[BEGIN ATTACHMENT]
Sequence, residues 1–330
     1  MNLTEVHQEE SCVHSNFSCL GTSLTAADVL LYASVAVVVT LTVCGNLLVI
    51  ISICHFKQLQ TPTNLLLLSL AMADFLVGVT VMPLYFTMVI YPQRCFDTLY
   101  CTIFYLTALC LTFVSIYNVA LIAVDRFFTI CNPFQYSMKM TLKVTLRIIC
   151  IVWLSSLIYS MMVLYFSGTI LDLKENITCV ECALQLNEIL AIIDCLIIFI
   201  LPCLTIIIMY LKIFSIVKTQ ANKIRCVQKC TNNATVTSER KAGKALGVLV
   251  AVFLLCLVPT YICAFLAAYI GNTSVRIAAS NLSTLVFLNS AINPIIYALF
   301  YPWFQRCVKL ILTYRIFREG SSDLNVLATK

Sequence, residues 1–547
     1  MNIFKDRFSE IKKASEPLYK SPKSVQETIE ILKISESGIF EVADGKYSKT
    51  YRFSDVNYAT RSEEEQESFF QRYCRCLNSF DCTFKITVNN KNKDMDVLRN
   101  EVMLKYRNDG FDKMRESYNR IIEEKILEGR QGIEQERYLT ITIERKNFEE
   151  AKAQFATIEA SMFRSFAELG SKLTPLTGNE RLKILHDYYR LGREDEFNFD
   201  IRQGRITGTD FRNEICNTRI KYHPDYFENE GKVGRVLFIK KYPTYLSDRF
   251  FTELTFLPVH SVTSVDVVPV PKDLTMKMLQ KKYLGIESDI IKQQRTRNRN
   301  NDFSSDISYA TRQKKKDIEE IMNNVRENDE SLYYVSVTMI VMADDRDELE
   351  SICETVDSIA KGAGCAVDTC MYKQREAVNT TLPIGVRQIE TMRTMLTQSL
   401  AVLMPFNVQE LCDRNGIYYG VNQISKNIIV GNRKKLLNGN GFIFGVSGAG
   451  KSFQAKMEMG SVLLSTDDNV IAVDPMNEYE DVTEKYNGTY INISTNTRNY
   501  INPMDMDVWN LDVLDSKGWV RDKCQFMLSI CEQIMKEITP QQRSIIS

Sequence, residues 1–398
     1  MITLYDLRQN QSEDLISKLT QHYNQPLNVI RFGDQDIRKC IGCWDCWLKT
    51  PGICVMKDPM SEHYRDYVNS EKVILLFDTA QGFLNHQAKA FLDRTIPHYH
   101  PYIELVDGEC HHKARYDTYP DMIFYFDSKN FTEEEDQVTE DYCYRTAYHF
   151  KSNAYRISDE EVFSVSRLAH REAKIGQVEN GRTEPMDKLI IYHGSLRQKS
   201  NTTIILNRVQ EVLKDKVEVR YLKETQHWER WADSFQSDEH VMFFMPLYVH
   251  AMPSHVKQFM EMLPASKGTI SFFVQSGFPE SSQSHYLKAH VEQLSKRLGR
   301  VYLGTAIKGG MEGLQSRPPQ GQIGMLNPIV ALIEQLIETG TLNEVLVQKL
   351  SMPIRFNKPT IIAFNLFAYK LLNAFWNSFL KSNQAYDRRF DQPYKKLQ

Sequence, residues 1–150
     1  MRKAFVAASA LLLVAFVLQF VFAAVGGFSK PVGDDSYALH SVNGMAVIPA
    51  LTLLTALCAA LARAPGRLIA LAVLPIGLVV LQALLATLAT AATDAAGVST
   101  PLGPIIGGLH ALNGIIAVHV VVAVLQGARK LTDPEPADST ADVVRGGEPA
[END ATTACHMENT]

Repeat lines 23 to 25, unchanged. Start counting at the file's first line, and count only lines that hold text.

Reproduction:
    51  PGICVMKDPM SEHYRDYVNS EKVILLFDTA QGFLNHQAKA FLDRTIPHYH
   101  PYIELVDGEC HHKARYDTYP DMIFYFDSKN FTEEEDQVTE DYCYRTAYHF
   151  KSNAYRISDE EVFSVSRLAH REAKIGQVEN GRTEPMDKLI IYHGSLRQKS